Anshel Pfeffer writes: In recent weeks, senior representatives of Egypt, Jordan and the United Arab Emirates have been meeting with their Syrian counterparts and even visiting Damascus. President Bashar Assad is still persona non grata in the Arab capitals, and is likely to remain so for the foreseeable future. But his regime, after long years of isolation during the Syrian civil war, is slowly being brought in from the cold.- Haaretz 

Arabian Peninsula

Prosecutors in Kuwait have detained 18 people suspected of financing Lebanon’s powerful Shi’ite Muslim group Hezbollah, the newspapers Al-Qabas and Al-Rai reported on Thursday. – Reuters 

Qatar and Egypt have signed agreements to supply fuel and basic building materials to the Gaza Strip, the Qatari Foreign Ministry said on Wednesday. – Reuters  

Emirati and Israeli state-owned weapons makers on Thursday signed a strategic agreement in Dubai to jointly design unmanned vessels capable of carrying out anti-submarine warfare. – Reuters

United Nations on Wednesday demanded the release of two U.N. staffers detained earlier this month by Yemen’s Houthi rebels. – Associated Press 

Middle East & North Africa

Syrian President Bashar al-Assad has received a significant boost in recent weeks, with key Arab countries indicating they are prepared to reengage with his regime after ostracizing it for a decade, raising hopes in Damascus for an influx of investments to help rebuild the country’s shattered infrastructure and economy. – Washington Post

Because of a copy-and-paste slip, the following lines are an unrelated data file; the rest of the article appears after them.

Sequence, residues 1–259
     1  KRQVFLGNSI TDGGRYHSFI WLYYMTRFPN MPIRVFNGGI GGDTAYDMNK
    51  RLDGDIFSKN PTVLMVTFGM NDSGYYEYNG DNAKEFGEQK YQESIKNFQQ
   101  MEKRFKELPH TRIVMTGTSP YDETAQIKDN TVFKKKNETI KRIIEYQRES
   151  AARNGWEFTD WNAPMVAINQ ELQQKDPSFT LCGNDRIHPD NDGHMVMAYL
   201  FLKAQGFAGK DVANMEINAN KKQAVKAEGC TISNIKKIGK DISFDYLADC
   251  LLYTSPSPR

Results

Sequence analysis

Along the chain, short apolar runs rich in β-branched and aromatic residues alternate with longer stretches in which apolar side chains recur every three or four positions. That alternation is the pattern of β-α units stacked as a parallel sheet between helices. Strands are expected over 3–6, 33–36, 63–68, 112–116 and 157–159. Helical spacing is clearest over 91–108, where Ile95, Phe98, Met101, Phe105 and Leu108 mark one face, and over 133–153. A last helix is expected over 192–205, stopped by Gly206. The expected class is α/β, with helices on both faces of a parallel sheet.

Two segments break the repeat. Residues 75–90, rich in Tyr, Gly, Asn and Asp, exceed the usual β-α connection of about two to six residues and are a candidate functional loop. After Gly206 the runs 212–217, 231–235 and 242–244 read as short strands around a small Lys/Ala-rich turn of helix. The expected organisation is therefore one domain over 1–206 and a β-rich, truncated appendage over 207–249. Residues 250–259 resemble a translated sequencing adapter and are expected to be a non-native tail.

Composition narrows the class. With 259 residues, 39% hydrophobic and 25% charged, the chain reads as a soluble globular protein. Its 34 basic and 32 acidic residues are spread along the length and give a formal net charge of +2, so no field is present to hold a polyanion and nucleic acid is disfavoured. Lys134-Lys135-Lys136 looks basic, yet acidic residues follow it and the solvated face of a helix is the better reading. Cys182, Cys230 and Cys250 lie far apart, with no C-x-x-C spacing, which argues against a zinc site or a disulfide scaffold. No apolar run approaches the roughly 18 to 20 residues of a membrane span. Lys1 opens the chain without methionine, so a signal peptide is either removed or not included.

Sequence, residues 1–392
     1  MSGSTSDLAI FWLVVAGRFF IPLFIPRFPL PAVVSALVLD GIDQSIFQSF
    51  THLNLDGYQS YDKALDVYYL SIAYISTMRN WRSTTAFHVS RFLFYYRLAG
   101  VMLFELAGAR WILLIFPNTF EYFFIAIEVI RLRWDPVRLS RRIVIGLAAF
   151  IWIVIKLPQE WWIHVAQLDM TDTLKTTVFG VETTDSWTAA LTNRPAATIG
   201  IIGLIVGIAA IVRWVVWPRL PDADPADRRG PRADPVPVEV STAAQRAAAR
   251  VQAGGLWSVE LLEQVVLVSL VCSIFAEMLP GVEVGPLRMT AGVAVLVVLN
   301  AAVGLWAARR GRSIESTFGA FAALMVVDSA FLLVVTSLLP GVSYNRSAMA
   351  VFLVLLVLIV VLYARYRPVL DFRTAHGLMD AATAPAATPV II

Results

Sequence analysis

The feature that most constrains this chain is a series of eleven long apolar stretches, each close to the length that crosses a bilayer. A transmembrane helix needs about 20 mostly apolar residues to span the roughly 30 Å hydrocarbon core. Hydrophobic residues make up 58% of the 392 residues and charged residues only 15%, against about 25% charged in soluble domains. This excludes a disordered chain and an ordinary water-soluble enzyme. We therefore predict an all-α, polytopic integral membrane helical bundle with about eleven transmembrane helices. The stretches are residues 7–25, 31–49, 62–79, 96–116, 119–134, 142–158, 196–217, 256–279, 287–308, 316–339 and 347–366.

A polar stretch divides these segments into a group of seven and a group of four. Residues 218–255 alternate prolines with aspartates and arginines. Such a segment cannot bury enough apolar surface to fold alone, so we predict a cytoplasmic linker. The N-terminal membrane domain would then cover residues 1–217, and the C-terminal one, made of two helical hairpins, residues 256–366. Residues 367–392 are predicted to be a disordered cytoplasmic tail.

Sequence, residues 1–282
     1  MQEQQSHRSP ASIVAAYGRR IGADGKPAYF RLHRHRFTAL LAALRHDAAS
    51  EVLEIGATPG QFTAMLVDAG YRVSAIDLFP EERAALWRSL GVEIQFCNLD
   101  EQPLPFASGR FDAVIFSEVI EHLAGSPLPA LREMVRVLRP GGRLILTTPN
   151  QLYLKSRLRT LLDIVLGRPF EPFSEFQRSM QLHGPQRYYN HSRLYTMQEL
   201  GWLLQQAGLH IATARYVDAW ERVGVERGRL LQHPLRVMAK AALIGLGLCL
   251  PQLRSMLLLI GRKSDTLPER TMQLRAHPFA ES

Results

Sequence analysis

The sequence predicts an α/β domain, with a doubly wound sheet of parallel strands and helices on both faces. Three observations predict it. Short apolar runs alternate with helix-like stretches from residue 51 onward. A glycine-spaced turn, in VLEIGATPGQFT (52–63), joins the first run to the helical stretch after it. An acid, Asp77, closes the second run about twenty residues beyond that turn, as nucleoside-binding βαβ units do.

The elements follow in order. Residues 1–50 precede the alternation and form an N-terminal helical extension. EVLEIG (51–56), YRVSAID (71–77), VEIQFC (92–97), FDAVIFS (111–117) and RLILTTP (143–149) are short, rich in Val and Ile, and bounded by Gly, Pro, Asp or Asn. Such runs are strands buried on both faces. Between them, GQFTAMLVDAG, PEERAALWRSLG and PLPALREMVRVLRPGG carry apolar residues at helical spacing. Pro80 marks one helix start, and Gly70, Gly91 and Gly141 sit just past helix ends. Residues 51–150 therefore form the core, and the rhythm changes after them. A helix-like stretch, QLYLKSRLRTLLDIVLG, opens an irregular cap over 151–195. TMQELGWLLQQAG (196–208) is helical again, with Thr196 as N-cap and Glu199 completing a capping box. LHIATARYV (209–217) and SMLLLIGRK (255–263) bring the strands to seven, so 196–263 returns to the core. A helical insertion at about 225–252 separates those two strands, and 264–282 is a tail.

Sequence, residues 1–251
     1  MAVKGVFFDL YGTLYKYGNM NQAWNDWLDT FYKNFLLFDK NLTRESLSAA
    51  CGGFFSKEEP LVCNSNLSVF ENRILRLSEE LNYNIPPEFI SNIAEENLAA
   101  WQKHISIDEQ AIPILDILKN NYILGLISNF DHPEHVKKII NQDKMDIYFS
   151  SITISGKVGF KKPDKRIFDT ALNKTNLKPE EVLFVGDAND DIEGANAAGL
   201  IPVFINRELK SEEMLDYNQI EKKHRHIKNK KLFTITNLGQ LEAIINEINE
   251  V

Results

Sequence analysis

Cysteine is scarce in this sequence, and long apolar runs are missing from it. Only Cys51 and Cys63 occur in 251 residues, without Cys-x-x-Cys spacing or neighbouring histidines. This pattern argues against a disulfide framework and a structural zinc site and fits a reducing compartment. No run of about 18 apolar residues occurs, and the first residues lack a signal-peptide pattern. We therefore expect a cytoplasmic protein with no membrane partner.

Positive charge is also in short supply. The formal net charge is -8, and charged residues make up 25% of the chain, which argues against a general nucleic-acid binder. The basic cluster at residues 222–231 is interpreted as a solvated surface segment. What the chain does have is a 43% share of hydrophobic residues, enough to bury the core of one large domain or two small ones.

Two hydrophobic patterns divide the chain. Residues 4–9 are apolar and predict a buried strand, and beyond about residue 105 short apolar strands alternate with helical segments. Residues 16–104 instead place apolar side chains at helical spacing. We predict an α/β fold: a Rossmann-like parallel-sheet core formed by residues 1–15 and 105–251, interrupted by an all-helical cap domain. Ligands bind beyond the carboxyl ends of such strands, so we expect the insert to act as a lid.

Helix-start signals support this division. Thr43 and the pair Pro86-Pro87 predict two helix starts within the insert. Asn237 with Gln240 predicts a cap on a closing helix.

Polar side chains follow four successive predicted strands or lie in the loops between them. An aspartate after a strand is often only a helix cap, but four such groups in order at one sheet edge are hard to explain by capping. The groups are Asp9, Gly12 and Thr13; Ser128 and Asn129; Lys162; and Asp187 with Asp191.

Egypt is on the verge of passing a law that would allow people to be prosecuted if they publish something deemed to be fake news during an epidemic, an ostensible attempt to control disinformation in the coronavirus era. But critics fear the law could instead be used to repress those who challenge government policies during public health crises. – New York Times 

Lebanon’s central bank governor said Wednesday that he asked for an audit of transactions and investments during his tenure and the results showed no public money has been misused. – Associated Press 

Libya’s influential speaker of parliament announced late Wednesday that he will be running for president, making him the latest candidate to join the race for the country’s highest office after years of civil war. – Associated Press 

Anwar al-Zamani and Michael Knights write: The Ababil report is an example of realistic-looking disinformation that seems “authoritative enough” to be echoed by Iraqi mainstream media and across social media. This approach plays into both a societal openness to accept conspiracy theories and a willingness among Kadhimi’s competitors for the premiership to use their media organs to amplify the disinformation effort. Once in the public and elite’s information “bloodstream”, such disinformation can quickly cement conspiracy theories that are hard to later dislodge from the collective imagination. The only anti-body is rapid provision of high-quality technical intelligence by the Iraqi government itself, amplified by popular and reformist figures and media outlets. – Washington Institute